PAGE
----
These are possible clownfish/anemone combinations.
The following indicates the most preferred anemone to least preferred for each type of clownfish.

THERE IS NO GUARANTEE THEY WILL MATCH UP WITH ANY ANEMONE.

Anemones

Bubble anemone: Entacmaea quadricolor
Long tentacle anemone: Macrodactyla doreensis
Sebae anemone: Heteractis malu
Ritteri (Maroon) anemone: Heteractis magnifica
Carpet anemone: Stichodactyla gigantean
Saddle anemone: Stichodactyla haddoni

False Percula Clown: Amphiprion ocellaris

Carpet anemone
Ritteri anemone
Saddle anemone
Bubble anemone

Percula Clown: Amphiprion percula

Carpet anemone
Ritteri anemone
Saddle anemone
Bubble anemone

“Sebae” or Clarkii Clown: Amphiprion clarkii

Sebae anemone
Long Tentacle anemone
Ritteri anemone
Carpet anemone
Saddle anemone
Bubble anemone

Tomato Clown: Amphiprion frenatus

Bubble anemone
Long Tentacle anemone
Sebae anemone

You can positively ID a tomato over a cinnamon by looking at it’s pectoral (front, the one it uses primarily besides it’s tail) fin. If there is a black line on the leading edge, it is a tomato.

Maroon Clown: Premnas biaculatus

Ritteri anemone
Bubble anemone
Long Tentacle anemone

Pink Skunk Clown: Amphiprion perideraion

Long Tentacle anemone
Sebae anemone
Ritteri anemone
Carpet anemone
Saddle anemone
Bubble anemone

In regards to the compatibility list it should be noted that captive clowns will not always take to an anemone regardless of the fact that the chosen anemone is a suitable host. It is best to try and pick a clown that is already living with an anemone otherwise it is not a sure bet that they will accept each other.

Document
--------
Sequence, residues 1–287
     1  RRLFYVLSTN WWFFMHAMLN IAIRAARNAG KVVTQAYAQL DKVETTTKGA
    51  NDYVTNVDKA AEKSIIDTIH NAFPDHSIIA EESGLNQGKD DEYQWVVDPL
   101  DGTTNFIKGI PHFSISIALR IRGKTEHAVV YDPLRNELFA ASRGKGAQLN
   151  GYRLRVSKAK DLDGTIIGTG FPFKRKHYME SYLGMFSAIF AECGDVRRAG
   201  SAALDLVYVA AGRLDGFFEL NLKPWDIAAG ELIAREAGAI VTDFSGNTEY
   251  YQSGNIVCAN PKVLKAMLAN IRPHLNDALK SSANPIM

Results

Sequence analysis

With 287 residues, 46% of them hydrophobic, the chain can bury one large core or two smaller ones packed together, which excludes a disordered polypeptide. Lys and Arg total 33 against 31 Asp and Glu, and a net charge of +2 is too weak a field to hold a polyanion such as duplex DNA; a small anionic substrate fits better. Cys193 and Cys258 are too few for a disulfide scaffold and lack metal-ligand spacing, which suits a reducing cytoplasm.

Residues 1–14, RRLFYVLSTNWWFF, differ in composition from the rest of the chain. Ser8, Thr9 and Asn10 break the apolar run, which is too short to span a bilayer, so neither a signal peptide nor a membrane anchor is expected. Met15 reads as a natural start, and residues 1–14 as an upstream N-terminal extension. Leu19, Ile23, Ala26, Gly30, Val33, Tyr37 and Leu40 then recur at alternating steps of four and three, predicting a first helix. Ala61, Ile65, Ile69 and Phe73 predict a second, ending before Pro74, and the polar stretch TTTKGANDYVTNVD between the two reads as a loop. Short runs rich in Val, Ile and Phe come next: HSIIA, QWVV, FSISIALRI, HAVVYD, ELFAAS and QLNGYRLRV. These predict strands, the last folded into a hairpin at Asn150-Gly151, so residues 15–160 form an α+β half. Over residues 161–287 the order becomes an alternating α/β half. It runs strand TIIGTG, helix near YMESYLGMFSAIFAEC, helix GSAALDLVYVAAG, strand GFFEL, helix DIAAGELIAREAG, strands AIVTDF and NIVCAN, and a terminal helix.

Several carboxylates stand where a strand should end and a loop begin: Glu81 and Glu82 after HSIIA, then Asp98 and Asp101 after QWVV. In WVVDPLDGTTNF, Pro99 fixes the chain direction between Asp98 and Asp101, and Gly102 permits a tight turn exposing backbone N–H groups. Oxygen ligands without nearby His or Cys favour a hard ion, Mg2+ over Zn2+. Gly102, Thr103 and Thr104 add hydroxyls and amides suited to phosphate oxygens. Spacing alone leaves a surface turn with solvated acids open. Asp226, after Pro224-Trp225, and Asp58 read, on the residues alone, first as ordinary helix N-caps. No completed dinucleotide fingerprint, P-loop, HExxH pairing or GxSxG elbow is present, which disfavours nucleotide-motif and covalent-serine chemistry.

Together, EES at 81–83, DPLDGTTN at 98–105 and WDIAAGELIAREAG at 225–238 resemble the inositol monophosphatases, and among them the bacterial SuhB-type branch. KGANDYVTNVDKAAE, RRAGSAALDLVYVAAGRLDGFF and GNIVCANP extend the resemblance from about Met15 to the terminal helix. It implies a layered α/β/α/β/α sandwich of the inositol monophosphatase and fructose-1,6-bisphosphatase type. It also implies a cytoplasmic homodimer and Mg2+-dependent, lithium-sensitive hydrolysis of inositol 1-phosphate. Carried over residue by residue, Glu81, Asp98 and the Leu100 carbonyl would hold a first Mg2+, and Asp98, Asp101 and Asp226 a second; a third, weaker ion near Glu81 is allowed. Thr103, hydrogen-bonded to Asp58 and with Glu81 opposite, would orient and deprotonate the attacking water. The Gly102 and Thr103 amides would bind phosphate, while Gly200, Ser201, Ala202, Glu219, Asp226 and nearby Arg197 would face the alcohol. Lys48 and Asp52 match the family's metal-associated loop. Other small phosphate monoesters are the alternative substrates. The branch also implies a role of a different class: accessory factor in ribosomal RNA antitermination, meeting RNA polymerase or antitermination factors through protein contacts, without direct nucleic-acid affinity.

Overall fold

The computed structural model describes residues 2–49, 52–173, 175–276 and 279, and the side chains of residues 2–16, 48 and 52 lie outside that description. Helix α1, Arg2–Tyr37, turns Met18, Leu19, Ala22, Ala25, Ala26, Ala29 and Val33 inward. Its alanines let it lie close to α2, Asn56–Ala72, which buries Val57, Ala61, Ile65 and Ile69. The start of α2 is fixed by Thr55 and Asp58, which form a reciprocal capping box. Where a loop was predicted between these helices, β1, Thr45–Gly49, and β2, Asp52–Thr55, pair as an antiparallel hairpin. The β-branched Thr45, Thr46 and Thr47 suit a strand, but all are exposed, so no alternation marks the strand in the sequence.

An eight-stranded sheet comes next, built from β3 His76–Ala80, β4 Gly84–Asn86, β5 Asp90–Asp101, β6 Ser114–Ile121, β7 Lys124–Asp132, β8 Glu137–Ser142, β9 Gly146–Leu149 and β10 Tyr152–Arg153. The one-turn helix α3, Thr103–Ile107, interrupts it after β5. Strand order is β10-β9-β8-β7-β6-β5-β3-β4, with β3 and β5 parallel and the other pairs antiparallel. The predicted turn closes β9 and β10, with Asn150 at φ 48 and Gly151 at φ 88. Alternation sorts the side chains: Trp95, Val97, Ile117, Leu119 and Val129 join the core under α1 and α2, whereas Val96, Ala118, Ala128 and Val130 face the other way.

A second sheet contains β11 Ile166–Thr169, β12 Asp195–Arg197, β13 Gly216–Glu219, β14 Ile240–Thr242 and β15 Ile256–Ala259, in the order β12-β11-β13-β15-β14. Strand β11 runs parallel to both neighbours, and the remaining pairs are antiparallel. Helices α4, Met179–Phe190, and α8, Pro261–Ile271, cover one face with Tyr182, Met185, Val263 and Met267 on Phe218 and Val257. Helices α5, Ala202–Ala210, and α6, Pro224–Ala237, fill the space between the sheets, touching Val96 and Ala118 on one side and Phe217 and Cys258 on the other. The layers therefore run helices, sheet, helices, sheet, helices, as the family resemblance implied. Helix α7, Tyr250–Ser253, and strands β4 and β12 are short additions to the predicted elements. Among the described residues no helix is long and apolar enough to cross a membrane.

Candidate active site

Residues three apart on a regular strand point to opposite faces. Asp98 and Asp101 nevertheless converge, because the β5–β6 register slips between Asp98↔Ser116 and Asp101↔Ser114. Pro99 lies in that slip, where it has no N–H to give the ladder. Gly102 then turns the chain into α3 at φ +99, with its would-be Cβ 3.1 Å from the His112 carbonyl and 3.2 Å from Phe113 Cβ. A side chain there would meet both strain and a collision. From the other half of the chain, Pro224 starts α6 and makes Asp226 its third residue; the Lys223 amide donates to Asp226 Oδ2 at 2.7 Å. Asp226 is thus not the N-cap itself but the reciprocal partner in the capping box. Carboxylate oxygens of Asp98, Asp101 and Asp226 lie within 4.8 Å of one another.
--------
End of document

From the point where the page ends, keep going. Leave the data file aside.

Keeping anemones is possible.

Feedings are required as often as twice a week or as little as twice a month. Anemones get approximately 80% of their nutrition from photosynthetic processes, but they do require physical feedings of shrimp, squid, brine, silversides, etc. to maintain an equalized balance with their zooxanthellae.  BRINE SHRIMP AND MYSID SHRIMP ARE BEST IN SMALL AMOUNTS.

Anemones are actually fairly complex creatures, and lighting requirements need to be met before
purchasing one. Before considering placing one in a system, it should be noted that they will limit
your choice of corals in future (should you feel you are interested in corals later on).

Anemones move on a regular basis eventually finding a semi-permanent location in the tank. But sooner or later they will wander again. This is a consideration because anemones are VERY aggressive creatures and they will try to sting a competing coral into submission.

When picking an anemone they should show immediate retraction when touched. They should be physically attached to something within the tank and have coloration within their bodies. A translucent anemone may mean that it has expelled its zooxanthellae and a starving anemone may take 3 or more months to die. Studies have shown that even naturally white colored anemones do poorly in captive systems. Any anemones purchased should be of the pink, brown, red, green variations. BEWARE THAT SOME BRILLIANT COLORS ARE FAKE. THE ANEMONE HAS BEEN DYED. This color will fade and may kill the anemone.

Much like many corals anemones will always have a period of “cleaning” for lack of a better term. During this period the anemone will retract its tentacles into itself and a small amount of waste will be expelled (usually brown in color with notable balls of matter within). This period can last 48 hours. Should the anemone be retracted for any longer a period of time then it is very likely it is dying. Remove it before it falls apart. Should an anemone get sucked into a pump or powerhead, just unplug the pump and don’t touch. If it hasn’t been damaged by the impellor it may slowly pull itself out.

If this all sounds too complicated then it is probably best not to keep anemones. However, the relationship between anemones and clownfish is remarkable and with enough diligence, healthy anemones can be maintained.

SOMETHING YOU RARELY SEE – A TRUE PERCULA IN A BUBBLE ANEMONE

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